• GO and colleagues’ work on internet access in Brazil highlighting gender and racial inequalities, lack of IT kit. I ask: why does the world still suck in these horrible ways?
  • Social living labs to change contexts and workplaces. They’re about co-design/DIY around everyday problems, and informed learning.
  • OpenMolar!
  • http://www.IZI-database.org, http://www.izi.dehabitus, and Bandura’s social learning theory/social cognitive theory are just a few things I need to learn more about.
  • Some slightly scary results about lack of research skills in the legal profession. Some participants in this research had no training on how to find relevant information.
  • Some work by HY and MH about information literacy in Australian politicians that sounds very relevant to our work.
  • Buying insulation tape to hold my slaptop’s power cable together

Wednesday

  • AW’s Lessons from the Borg Cube. Lesson 1 appeared to be Brexit pisses me off.
    • Drew, you’re far from alone. As an Austrian researcher I met later put it, Brexit is worse than Trump. He will be gone after 4 years, but Brexit will last forever. But if Trump and Kim keep on their current path, we’re not going to be around in 4 years’ time. Two buttocks of one bum, as far as I’m concerned..
    • A lot of AW’s talk centred on David Harvey‘s Justice, nature and the geography of difference (1996), and turning ‘spaces’ into ‘places’, where things actually happen.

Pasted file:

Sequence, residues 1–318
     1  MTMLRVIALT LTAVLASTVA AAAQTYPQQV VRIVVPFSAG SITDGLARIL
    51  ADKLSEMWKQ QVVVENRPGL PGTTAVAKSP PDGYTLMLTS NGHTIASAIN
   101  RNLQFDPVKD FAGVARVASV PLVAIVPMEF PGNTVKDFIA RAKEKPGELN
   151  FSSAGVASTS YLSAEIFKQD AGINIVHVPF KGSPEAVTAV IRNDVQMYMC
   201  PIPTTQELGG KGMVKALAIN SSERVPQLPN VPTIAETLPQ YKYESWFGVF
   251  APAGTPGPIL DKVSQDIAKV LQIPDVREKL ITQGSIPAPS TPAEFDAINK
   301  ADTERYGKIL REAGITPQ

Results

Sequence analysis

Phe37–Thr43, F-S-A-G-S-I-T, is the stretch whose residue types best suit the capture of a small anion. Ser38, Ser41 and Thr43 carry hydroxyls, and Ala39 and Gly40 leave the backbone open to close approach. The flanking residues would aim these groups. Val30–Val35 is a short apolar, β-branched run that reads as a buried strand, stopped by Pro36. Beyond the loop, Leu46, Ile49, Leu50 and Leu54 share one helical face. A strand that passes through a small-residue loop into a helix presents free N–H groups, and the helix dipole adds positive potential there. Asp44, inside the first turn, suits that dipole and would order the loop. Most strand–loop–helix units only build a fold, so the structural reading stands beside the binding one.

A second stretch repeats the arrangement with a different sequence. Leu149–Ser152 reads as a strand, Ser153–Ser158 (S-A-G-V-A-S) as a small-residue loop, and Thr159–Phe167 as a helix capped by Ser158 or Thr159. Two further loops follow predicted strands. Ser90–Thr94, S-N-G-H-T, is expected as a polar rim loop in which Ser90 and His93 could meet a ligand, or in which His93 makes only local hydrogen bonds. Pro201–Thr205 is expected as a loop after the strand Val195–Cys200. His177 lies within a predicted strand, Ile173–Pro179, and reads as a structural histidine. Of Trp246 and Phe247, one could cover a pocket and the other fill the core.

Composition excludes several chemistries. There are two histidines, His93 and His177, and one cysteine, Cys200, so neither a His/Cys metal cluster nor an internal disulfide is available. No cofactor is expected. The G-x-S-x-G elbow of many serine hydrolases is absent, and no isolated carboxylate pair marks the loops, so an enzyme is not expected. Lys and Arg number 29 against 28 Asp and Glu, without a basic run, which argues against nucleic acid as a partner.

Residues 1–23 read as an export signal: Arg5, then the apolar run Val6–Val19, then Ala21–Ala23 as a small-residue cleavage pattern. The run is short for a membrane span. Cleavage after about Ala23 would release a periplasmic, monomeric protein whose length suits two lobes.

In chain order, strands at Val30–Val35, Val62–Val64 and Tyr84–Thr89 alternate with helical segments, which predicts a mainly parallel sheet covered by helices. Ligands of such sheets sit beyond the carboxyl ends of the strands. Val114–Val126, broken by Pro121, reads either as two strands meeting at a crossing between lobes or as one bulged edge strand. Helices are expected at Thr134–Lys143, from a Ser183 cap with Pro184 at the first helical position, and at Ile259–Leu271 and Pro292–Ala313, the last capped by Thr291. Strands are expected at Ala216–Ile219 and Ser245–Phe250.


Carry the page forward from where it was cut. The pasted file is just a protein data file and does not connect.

• Information literacy is always political, if I’ve understood AW correctly. It challenges the status quo, and liberates and empowers. I like this!
  • And, as if just to prove that, one of the following talks mentioned how libraries can set up websites to help people with their financial literacies, and so not get into such deep shit money-wise!
  • In case I garbled my presentation, here’s the slides on Hazel Hall’s slideshare.
  • SK’s slides about IL and academic libraries as working places were illuminated with Pink Panther stills. More seriously, SK says cataloging isn’t static, it’s an intellectual process (i.e. one that can’t be benchmarked); it’s a random process, needing critical thinking.
  • Is life just a universal pain?

    Annie (and Genevieve and Zara) flipped my Lickerts – do I now have actionable data, or just pain to be assessed? Here’s a real example.